The frequency and scoop of a merchant ships’ basic emergency drills routine is specified in each ship’s ISM safety management system. Generally, this routine is strictly followed. Then each ship’s safety management system will indicate how all the likely emergency scenarios might be handled – some 25 to 30 of them. Ship’s officers should be keenly aware of this aspect of their ship’s safety management – usually they are.

However I question the value of such guidelines. All too soon the routine drills become routine and lose their value as they cease to pose a challenge. And the emergency situations are of little value as so often emergencies arise as combinations of situations when the manual’s procedures are irrelevant.

Thus it is easy to write of the precautions to be taken in heavy weather or for the procedures to be followed if a man falls overboard but what should the crew do if a man falls overboard in heavy weather. Nothing?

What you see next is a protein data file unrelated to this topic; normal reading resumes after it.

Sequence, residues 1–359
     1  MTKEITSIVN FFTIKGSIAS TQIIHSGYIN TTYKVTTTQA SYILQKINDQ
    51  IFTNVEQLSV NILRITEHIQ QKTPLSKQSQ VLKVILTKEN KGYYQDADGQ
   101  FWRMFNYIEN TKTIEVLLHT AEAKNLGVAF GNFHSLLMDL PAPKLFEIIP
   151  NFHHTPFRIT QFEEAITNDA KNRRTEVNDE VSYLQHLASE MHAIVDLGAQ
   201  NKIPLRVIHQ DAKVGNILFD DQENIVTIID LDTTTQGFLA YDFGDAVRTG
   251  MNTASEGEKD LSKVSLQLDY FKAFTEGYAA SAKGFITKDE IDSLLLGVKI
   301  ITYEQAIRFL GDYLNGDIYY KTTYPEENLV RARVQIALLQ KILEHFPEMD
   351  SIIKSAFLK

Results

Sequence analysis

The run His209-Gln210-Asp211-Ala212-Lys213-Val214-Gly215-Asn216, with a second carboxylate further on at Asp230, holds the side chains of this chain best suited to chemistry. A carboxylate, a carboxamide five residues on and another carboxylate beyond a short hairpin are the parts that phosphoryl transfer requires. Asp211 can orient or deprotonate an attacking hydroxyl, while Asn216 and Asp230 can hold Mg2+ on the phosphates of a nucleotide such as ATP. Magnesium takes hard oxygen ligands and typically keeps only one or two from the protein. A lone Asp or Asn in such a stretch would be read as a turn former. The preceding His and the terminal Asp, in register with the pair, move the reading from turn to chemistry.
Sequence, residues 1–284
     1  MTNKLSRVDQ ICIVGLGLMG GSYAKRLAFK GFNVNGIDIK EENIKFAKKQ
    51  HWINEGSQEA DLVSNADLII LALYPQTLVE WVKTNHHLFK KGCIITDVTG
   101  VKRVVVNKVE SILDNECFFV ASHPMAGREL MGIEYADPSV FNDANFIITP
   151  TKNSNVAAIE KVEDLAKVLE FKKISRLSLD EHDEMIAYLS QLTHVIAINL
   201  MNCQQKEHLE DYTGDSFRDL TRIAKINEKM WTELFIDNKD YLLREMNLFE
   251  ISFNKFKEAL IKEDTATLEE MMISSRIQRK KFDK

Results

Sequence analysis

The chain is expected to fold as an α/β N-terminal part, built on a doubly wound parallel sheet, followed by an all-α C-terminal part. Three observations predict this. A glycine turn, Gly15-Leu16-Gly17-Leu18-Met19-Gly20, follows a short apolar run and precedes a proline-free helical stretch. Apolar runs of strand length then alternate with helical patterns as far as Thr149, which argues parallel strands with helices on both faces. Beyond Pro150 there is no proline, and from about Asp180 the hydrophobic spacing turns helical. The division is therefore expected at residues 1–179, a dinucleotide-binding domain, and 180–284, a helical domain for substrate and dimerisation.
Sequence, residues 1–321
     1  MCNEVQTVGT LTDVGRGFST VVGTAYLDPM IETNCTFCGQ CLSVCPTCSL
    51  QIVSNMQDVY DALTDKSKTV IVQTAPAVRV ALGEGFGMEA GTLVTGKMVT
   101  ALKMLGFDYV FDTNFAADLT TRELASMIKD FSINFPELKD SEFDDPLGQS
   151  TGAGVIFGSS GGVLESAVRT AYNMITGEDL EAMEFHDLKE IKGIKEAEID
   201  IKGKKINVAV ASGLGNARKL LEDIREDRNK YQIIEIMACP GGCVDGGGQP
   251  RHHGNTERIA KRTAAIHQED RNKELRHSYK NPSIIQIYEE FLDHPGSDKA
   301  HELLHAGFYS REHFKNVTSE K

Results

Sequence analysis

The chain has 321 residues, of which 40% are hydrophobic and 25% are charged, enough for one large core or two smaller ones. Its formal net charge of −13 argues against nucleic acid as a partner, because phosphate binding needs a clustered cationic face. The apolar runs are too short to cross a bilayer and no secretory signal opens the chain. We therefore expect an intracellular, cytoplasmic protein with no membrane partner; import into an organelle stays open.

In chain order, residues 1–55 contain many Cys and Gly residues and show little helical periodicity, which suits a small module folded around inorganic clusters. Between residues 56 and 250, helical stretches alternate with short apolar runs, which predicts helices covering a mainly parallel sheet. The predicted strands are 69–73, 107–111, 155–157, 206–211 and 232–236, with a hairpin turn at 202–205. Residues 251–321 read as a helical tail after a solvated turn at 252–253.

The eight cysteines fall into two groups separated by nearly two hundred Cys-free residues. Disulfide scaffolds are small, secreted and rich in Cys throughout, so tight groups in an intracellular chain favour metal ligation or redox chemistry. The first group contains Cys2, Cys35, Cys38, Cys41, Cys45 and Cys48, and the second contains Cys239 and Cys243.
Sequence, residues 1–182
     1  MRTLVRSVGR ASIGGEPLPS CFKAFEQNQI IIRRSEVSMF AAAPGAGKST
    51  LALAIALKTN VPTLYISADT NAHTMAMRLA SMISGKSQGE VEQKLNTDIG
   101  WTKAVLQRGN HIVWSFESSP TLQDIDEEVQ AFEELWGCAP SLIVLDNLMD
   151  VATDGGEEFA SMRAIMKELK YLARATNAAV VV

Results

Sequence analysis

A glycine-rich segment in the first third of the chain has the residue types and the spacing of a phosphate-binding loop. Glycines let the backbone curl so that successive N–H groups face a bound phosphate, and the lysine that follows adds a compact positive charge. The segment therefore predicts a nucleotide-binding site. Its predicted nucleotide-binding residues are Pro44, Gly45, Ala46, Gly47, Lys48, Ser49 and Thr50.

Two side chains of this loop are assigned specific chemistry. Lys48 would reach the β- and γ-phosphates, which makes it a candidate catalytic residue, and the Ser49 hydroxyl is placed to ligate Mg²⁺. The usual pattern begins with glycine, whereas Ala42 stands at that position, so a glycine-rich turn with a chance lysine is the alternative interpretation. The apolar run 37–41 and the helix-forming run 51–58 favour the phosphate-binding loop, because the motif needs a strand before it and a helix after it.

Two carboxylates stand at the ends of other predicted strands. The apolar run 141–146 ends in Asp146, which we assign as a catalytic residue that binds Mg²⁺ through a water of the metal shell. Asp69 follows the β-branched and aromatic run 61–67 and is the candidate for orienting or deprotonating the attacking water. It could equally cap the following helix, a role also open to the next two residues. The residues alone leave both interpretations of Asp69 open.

As I follow casualties and investigations, it seems that our ships are not at all well prepared for the actual emergencies they might encounter.

Of course emergencies are unusual – so unusual that it may be that the specific equipment and training they could require would be unnecessarily expensive and so would be better ignored but when things do go wrong, the expense and the consequences can be remarkable.

Full article, ELNAVI magazine, September 2011, Page. 81

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